Skip to main content

Book Review: The Sweetness at the Bottom of the Pie by Alan Bradley


Flavia de Luce is an 11 year old girl living in England in the 1950s, who absolutely loves chemistry. She even has her own laboratory in the top floor of her family's estate, where she studies and conducts experiments ~ with a specific focus on poisons. She has two sisters with whom she she has nothing in common and a distant father, but she also has a confidant in the gardener, Dogger.

When a man is found dead in the estate garden, Flavia starts her own investigation into the crime. And when her father is arrested, she steps up her efforts to learn the truth about who the dead stranger is, how he is connected to her father, and who or what exactly killed him.

The Sweetness at the Bottom of the Pie by Alan Bradley has been on my shelf for far too long. I really enjoyed Flavia and all the unusual characters the author introduces. A bit far-fetched in the way Flavia, who is only 11, gets away with tampering with evidence, the story is fun and kept me guessing as to what really happened to the stranger in the garden.

This is a charming mystery that I think I will likely re-read  at some point because I don't feel like I devoted enough time to reading and really catching all the little bits within the story and the characters that make this such a unique novel. I also want to check out the next books in the Flavia de Luce series since I enjoyed this one so much.

My Rating: 4/5

This review was written based on a copy of The Sweetness at the Bottom of the Pie that I received through PaperbackSwap.com.

Comments

  1. This book took me completely by surprise and I loved it. I'm reading the 2nd book in the series now. I've recommended Sweetness to a lot of friends.

    ReplyDelete
  2. Flavia is some character, very unique which I loved. I hear the series just keeps getting better.

    ReplyDelete
  3. I've had this on my list for awhile. I don't think I've seen a negative review of it.
    2 Kids and Tired Books

    ReplyDelete
  4. I've been wanting to read this for ages!! Like you, it's been on my list for far too long. Yours is yet another positive review - I really must get to it!

    Sue

    ReplyDelete

Post a Comment

Thanks for stopping by! I'd love to hear your thoughts!

Popular posts from this blog

Getting back to blogging

It seems that blogging has dropped to the bottom of my list for the past year, and was pretty low for the year or two prior to that. I love to read, and am continuing to do so, but as my regular readers know I haven't been around much. My last blog post was almost a year ago!!

There are many things that have taken me away from blogging. Work has been much more challenging and interesting these past few years, but that means I really don't want to get back on the computer when I get home at night - or on the weekends.

Family life has been more busy with kids having multiple activities in the evenings, leaving little time to just hang out and write about the books that I read.

I will admit to a bit of a Facebook addiction, which means way too much time spent scrolling through my newsfeed instead of doing something more productive. This is one of the things I'm working on and hoping that this will free up some time for getting back to the blog.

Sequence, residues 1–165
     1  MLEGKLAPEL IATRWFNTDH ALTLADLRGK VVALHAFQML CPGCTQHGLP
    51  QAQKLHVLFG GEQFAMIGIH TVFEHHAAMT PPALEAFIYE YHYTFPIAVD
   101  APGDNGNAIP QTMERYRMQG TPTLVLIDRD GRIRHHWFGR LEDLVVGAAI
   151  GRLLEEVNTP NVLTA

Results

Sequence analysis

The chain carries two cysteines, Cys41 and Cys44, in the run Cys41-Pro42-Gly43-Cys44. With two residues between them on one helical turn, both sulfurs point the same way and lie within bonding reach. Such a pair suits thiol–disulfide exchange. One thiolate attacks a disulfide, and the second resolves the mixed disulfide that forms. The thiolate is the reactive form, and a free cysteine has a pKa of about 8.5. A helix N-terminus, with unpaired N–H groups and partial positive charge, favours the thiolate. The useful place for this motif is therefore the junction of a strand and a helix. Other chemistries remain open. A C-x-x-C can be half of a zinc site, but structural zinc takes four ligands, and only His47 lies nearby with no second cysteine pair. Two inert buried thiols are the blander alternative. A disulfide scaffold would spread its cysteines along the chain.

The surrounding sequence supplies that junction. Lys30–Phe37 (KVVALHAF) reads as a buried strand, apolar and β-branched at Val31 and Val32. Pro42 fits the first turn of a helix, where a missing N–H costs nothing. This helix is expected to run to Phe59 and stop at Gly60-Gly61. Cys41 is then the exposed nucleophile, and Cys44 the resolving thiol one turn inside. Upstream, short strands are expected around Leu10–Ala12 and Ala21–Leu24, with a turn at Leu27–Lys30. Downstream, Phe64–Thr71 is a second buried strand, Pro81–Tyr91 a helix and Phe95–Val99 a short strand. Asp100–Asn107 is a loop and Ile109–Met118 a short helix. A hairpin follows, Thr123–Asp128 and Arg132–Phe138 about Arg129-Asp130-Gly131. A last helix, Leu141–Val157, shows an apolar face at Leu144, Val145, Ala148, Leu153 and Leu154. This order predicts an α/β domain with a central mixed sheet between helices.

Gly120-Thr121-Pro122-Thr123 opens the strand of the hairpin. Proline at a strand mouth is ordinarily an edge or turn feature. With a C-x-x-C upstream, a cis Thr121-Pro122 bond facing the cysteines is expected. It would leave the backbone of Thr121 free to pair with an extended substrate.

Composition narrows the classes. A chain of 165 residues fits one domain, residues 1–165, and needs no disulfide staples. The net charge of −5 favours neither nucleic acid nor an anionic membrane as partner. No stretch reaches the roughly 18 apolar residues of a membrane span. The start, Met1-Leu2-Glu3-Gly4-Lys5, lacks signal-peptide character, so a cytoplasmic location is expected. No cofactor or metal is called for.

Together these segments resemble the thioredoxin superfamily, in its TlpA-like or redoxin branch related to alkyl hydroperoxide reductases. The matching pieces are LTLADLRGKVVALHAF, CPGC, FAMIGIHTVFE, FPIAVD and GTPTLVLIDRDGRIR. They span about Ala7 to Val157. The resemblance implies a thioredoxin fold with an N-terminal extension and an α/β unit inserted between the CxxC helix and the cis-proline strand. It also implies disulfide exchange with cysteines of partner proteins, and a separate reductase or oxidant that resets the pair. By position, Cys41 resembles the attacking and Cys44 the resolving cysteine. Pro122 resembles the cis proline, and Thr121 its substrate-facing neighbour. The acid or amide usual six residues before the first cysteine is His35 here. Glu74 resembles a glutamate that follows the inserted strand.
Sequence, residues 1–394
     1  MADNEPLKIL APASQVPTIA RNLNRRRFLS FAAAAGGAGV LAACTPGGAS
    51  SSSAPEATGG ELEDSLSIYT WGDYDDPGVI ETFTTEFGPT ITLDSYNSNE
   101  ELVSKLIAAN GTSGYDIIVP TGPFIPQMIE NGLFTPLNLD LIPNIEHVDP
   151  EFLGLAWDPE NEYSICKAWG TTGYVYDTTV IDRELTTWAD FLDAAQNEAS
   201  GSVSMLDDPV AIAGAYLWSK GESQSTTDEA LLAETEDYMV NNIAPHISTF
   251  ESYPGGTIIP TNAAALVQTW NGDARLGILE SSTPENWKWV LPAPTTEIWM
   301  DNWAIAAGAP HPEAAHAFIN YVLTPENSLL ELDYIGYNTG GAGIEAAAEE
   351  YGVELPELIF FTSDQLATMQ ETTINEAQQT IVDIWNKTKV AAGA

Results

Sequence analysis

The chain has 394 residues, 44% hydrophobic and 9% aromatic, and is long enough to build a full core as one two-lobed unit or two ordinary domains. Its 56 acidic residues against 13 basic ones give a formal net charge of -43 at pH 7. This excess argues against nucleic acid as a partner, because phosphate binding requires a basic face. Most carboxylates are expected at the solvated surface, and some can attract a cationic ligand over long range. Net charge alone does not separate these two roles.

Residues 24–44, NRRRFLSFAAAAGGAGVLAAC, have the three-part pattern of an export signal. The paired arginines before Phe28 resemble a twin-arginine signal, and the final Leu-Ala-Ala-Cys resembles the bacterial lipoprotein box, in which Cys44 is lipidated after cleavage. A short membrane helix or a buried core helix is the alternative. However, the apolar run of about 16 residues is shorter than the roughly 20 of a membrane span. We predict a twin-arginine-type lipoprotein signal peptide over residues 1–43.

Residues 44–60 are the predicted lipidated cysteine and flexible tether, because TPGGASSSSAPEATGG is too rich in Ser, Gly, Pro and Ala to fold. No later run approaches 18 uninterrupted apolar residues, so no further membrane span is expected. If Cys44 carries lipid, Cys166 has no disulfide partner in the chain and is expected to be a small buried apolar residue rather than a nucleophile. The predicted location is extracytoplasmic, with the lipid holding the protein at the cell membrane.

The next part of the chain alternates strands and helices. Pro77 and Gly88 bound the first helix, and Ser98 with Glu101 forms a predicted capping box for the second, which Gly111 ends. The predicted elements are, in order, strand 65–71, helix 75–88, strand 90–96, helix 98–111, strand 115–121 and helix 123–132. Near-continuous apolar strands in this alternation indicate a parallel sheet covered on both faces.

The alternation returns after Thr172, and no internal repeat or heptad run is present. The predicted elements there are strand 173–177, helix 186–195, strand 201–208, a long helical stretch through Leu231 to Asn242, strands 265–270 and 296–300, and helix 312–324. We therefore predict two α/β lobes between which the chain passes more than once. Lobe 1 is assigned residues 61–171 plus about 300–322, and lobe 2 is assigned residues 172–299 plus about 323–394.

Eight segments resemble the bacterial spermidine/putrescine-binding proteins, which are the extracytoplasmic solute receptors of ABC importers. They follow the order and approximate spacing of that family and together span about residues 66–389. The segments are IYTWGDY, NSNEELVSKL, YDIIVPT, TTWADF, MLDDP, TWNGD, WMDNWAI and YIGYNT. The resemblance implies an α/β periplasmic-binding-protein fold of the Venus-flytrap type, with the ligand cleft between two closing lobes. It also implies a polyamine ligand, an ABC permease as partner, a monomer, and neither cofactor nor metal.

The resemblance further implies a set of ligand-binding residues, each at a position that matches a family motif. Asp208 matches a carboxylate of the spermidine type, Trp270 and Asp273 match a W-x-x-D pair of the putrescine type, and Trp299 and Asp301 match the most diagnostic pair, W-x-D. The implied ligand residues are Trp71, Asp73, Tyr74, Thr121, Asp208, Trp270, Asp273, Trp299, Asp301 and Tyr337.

Overall, life is good. Work is …

Book Review: The Bookman's Tale by Charlie Lovett

Peter Byerly is distraught over the loss of his wife nine months ago. He has retreated to their cottage in the English countryside, hoping to return to his love of collecting and restoring rare books. But when he opens a book about Shakespeare forgeries and finds a Victorian watercolor of a woman who looks just like his wife, Peter is soon on a search for the origin of the painting and the truth about Shakespeare's real identity.

The Bookman's Tale: A Novel of Obsession by Charlie Lovett is a wonderful journey for anyone who loves books. It follows Peter's search in 1995, which turns into a bit of a thriller at times. But Lovett also takes the reader back in time a bit so we can learn the story of his relationship with his wife and how he came to be a bookseller. He does a beautiful job of expressing Peter's feelings about the rare books he encounters, and his feelings are contagious.

And then he takes us back even further to the history of one particular volume, whos…

Book Review: The Secret Lake by Karen Inglis

When Stella and Tom move to a new home in London, they are sad to have left their friends behind. But soon they have a mystery to solve. Their neighbor's dog, Harry, keeps disappearing. Where is he going and why is he always wet when he comes home? As they investigate the area in the garden where Harry seems to come and go, they discover a hidden tunnel that takes them back to their garden ... almost 100 years ago.

The Secret Lake by Karen Inglis is a wonderful children's book that reminds me of the adventurous stories I read as a child. I saw other reviewers say something similar. I'm not sure what it is about the way the story is told, but it is reminiscent of children's books from many years ago, yet it will definitely appeal to the kids of today.

Stella and Tom have an adventure in the past that leads to new friends and discoveries. While it's a time travel story, it doesn't have a lot of fantasy elements (although there are some moles that act a bit unusua…